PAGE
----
You see, when you pay cash for a flight, your fare consists of the “base fare” set by the airline plus a host of additional taxes and fees. However, consumer regulations dictate that airlines and online travel agencies must display the “all-in” pricing during the booking process, which means that the exact composition of airfare never even registers for the majority of the travelling public. 

On the other hand, when it comes to redeeming miles, anyone who’s touched the Aeroplan program knows that your miles are in fact only good for the base fare, with the additional taxes and fees (including the fuel surcharge, should the operating airline choose to pass it on) being paid out of your pocket at an additional expense. 

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But why is it this way? Is there an actual reason for things to be as they are, or does Aeroplan pass on all these additional charges to its members simply because they can? This is the heart of the matter that the Quebec class action lawsuit addresses. 

Someone needs to stand up to Aeroplan and challenge them to justify these practices, which is exactly what the class action is doing. Why shouldn’t our miles be enough to cover the litany of taxes and fees that come with a plane ticket? Is there a legitimate reason that’s fair to the consumer, or is it simply “because we make more money that way”?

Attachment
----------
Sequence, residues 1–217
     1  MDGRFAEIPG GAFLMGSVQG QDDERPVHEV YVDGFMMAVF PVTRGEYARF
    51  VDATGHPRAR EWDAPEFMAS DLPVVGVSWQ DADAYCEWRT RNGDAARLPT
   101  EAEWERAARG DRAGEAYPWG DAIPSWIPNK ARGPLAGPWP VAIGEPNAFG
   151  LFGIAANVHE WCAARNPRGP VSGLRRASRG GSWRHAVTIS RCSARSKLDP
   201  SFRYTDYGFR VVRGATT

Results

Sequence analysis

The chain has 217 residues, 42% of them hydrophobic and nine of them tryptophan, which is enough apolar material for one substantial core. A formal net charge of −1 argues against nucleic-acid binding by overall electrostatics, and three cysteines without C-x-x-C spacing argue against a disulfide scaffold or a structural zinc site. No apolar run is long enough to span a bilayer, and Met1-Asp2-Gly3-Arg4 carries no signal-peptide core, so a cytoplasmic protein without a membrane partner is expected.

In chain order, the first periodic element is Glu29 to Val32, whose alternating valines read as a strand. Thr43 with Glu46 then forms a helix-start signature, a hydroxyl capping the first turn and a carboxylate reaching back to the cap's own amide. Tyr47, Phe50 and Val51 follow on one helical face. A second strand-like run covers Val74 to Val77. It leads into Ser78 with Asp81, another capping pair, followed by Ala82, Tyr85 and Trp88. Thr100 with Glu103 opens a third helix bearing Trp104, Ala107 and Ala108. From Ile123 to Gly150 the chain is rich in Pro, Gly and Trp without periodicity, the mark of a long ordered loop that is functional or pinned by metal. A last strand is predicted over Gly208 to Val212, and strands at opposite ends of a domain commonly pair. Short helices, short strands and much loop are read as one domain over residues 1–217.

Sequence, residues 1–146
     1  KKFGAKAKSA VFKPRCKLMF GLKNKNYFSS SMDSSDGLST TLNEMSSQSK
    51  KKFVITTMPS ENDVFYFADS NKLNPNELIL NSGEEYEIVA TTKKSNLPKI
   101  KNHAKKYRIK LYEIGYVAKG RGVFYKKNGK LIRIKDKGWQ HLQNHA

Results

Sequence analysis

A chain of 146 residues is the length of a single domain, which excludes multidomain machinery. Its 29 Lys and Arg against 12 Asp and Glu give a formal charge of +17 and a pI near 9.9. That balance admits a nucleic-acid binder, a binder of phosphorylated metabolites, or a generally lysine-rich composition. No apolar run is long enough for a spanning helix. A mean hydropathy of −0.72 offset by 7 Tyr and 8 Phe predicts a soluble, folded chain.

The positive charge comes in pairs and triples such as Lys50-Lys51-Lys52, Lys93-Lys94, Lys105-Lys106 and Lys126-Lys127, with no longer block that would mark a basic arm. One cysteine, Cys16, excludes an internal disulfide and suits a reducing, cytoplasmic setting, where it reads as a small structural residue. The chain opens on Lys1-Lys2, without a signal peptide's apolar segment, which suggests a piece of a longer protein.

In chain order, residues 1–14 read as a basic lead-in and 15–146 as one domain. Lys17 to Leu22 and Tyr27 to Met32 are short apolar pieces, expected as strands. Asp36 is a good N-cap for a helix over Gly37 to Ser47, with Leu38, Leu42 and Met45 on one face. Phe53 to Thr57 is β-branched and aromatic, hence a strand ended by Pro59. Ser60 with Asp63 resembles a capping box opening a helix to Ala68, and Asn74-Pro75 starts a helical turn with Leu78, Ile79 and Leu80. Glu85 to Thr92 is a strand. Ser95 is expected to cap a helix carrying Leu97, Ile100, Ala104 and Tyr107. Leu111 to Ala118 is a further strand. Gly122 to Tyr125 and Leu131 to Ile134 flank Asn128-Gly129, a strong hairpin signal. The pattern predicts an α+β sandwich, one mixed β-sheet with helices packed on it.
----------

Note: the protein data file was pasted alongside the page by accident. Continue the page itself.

Indeed, one thing I’m uncertain about is why the lawsuits don’t quite go the full distance. They cover fuel surcharges on domestic and transborder Air Canada flights, but not international flights, where the surcharges tend to be off the charts; moreover, partner redemptions on Aeroplan are excluded, even though I’d expect Aeroplan to treat Air Canada and Star Alliance partners similarly when deciding whether to absorb the surcharge versus passing it on.

Nevertheless, I’ll be very keen to see how these cases play out, as the result would go a long way towards setting a precedent in either side’s favour. If the practice of “unbundling” taxes and fees in mileage redemptions is indeed struck down by the Quebec courts, we could well be on our way towards a future free of fuel surcharges on award tickets. Imagine that, eh?